A major issue of concern in malaria treatment through the retail sector is presumptive treatment. Studies have shown that treatment through the medicine outlets is mostly based on clinical symptoms and this has been shown to result to over 50% being non-malaria cases[6, 15], leading to wastage and inappropriate management of fevers and other complications. Although data was not comprehensively collected on laboratory diagnosis in this study, evidence suggests that the majority of malaria treatment was not supported by laboratory diagnosis. This is reinforced by the fact that anti-malarial drugs are treated as OTC medicines and the use is not regulated as prescription, even though regulation of drug sales in Nigeria, as in most developing countries, is not enforced. Some patients undertake diagnostic tests for malaria in private laboratories before visiting the outlets for treatment, sometimes with prescriptions from laboratory attendants[31]. This study suggests a high level of presumptive malaria treatment, which encourages the use of wrong drugs, limiting the use of effective anti-malarial drugs. Patient demand for diagnostic testing was limited, in addition to limited accessibility of laboratory services. Policy should, as a matter of urgency, consider the introduction of rapid diagnostic tests (RDT) in retail outlets to enhance accuracy and efficiency of malaria treatment in the sector. The World Health Organization (WHO) current approach to effective malaria treatment emphasizes the ‘test, treat and track’ (TTT) strategy, which translates to malaria diagnosis, early treatment with effective anti-malarial drugs and follow-up monitoring to ensure effective implementation.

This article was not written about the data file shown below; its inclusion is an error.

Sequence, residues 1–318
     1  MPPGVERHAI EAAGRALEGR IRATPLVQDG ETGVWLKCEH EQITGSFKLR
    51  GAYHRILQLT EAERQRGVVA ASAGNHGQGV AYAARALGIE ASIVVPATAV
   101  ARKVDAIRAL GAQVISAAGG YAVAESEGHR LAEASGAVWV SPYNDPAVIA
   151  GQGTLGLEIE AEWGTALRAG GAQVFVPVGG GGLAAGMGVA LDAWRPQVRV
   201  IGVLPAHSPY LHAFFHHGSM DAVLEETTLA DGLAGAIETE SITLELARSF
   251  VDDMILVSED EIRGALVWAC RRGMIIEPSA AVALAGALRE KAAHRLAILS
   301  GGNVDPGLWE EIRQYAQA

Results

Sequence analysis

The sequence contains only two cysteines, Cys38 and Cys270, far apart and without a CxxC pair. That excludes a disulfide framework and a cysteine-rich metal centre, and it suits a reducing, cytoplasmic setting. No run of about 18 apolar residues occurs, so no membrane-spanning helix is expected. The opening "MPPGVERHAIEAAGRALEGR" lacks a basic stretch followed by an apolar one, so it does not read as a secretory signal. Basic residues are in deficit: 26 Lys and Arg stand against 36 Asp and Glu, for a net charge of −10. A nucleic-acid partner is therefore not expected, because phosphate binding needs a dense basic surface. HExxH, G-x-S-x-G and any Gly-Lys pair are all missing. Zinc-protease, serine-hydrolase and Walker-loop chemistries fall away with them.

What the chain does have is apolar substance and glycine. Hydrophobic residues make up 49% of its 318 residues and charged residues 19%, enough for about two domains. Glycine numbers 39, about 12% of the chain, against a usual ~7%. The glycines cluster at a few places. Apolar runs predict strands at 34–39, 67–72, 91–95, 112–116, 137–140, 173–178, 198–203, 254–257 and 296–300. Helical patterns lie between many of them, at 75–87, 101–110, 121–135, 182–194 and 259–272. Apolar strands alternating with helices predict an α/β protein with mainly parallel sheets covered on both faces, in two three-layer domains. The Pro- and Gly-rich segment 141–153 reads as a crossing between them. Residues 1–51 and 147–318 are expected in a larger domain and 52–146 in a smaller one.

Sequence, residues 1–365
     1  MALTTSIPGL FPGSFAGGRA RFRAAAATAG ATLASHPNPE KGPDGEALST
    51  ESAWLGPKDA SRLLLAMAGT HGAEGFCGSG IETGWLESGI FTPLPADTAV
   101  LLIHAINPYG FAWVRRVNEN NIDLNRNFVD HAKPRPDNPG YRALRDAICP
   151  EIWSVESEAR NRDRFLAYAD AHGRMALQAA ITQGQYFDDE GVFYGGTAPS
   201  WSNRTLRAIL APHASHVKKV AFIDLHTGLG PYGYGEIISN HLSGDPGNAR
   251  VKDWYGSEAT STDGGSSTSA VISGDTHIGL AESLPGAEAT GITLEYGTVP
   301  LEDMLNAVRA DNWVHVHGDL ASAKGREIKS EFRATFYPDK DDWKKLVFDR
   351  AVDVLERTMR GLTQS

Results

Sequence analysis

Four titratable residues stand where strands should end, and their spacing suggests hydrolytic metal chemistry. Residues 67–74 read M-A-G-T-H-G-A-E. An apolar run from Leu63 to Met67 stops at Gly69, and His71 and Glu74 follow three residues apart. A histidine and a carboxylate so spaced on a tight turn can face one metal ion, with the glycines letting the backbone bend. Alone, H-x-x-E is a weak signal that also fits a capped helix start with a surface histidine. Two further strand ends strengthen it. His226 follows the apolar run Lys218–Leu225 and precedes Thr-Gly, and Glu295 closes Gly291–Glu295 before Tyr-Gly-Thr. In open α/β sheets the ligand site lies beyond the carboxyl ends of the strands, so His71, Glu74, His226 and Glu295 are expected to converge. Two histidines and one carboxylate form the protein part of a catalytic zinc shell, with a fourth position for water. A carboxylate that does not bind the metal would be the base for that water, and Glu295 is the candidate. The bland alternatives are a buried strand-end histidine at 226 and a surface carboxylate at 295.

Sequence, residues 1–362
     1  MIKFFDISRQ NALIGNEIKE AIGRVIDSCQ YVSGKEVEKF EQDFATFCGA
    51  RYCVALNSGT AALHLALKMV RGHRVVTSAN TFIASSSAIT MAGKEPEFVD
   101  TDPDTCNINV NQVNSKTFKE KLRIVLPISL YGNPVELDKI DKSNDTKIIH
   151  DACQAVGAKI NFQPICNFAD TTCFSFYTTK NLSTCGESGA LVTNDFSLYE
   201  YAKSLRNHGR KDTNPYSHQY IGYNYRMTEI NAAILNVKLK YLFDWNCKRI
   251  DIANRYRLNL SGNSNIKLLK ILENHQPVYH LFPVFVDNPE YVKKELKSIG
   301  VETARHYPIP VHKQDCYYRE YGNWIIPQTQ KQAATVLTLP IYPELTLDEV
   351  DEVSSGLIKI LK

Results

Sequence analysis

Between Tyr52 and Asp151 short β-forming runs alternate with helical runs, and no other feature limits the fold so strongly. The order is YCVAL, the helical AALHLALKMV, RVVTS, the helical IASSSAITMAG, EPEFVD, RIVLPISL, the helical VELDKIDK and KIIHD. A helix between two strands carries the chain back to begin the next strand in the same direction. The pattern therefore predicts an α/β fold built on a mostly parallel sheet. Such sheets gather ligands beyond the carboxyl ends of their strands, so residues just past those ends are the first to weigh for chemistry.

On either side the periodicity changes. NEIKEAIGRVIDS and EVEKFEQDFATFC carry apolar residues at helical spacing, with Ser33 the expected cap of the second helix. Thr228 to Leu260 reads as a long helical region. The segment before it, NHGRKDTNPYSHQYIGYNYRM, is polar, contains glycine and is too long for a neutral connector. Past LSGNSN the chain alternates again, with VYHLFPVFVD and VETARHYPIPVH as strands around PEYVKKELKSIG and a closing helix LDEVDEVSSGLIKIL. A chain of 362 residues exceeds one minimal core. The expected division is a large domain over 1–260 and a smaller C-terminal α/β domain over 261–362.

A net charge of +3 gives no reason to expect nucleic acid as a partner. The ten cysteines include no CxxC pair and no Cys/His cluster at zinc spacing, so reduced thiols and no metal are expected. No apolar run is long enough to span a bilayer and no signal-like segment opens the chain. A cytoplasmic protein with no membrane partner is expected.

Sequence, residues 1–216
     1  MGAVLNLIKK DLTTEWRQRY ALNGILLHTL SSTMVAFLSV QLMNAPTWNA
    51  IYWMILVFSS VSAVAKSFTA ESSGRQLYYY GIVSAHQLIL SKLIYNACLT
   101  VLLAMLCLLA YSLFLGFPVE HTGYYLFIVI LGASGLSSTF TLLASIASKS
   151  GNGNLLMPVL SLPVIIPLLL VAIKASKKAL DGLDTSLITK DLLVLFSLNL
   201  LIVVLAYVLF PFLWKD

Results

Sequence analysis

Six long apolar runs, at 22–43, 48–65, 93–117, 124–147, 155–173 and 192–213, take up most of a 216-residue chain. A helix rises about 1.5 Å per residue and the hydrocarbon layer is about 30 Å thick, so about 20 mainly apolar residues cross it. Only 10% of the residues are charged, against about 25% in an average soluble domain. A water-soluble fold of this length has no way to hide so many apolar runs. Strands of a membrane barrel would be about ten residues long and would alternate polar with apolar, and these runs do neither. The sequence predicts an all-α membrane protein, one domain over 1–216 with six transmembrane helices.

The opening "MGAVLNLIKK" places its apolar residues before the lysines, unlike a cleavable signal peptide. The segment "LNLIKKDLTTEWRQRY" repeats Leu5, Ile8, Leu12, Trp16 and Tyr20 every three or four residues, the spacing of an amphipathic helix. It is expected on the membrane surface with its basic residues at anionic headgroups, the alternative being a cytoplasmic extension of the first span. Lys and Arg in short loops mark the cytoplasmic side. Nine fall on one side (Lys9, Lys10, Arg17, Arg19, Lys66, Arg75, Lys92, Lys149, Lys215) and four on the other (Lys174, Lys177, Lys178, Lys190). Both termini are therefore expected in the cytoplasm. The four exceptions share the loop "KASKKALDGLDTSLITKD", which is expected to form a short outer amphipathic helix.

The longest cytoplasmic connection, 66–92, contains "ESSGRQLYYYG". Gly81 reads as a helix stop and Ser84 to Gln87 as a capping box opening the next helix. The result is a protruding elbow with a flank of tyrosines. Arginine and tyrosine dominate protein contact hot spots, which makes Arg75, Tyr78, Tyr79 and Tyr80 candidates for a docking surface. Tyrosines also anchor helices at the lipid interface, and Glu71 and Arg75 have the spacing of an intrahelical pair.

Even though this study may not have adequately captured the extent of co-medication in the study, analysis indicates a substantial degree of concomitant treatment with other drugs. Understandably, analgesics were the most frequently used, followed by antibiotics with implications for increased cost of treatment. Vitamin preparations were the third most used co-medication. Analgesics are often required to relieve accompanying fevers and pains in malaria infection even though many cases actually resolve with effective anti-malarial drugs. The use of vitamin preparations, especially those containing minerals and trace elements (such as zinc, iron (Fe2+), copper, etc) with anti-oxidant properties has implications for the effectiveness of ACT. Anti-oxidants, vitamin C and vitamin E have been found to interfere with artemisinin compounds, thereby reducing their efficacy[32, 33]; the advice is they are used after the completion of ACT dose, if needed[34]. The extent of concomitant medication in this study indicates substantial wastage when viewed against the prevalence of presumptive treatment of malaria which, in addition increases inefficiency in malaria treatment. Co-medication with antibiotics was apparently based on presumptive co-morbidity with mostly typhoid fever, which is often informed by previous laboratory findings and experiences, while a few are informed by laboratory tests accompanying malaria treatment requests. Widespread co-medication with antibiotics has implications for safety in view of the potential for drug-drug interactions and other safety concerns. Antibiotics are known to have high incidence of adverse events, such as rashes and pruritus, which might even be attributed to the new anti-malarial drugs[21]. This study suggests that children aged below five years are more likely to be prescribed co-medication. The study in Ghana reported similar findings where children below five received more co-prescribed antibiotics than other age categories[21]. Co-morbidity with pneumonia and related conditions is commonly associated with childhood malaria, which informed earlier recommendation for symptomatic treatment of childhood fevers with a combination of anti-malarials and antibiotics[26]. The lower proportion of co-medication in this study compared to the Ghana study may be explained by the fact that the retail sector is characterized by self-medication, where the choice and number of drugs may be limited by cost of treatment. It is also very likely that this study did not capture all co-medications used among the cohorts, for some reasons. Many patients may still have other medications such as analgesics and multivitamins which are routinely used mostly in children. This is particularly so for prescriptions dispensed through self-medication. The use of antibiotic co-prescription would suggest less confidence of actual diagnosis of malaria, hence prescribing anti-malarials would be a ‘cover’ for potential infection or to prevent subclinical infection becoming manifest[21]. Similar findings were reported from a study in Tanzania for patients with a history of cough for which anti-malarials were prescribed[35]. The issue of concomitant medication also contributes to irrational use of anti-malarial drugs due to polypharmacy and increased cost of care. Just as in many other studies, over-use of medication in malaria treatment results in polypharmacy, encouraging poor adherence in addition to the risks of drug interactions, adverse drug reactions and in consequence, treatment failures.